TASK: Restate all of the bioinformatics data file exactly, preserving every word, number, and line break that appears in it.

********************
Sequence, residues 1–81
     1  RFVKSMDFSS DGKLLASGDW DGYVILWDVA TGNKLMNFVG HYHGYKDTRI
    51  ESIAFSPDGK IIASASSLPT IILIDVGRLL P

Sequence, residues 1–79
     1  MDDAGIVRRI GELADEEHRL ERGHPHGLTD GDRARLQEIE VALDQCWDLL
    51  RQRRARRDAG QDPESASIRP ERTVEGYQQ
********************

Sequence, residues 1–81
     1  RFVKSMDFSS DGKLLASGDW DGYVILWDVA TGNKLMNFVG HYHGYKDTRI
    51  ESIAFSPDGK IIASASSLPT IILIDVGRLL P

Sequence, residues 1–79
     1  MDDAGIVRRI GELADEEHRL ERGHPHGLTD GDRARLQEIE VALDQCWDLL
    51  RQRRARRDAG QDPESASIRP ERTVEGYQQ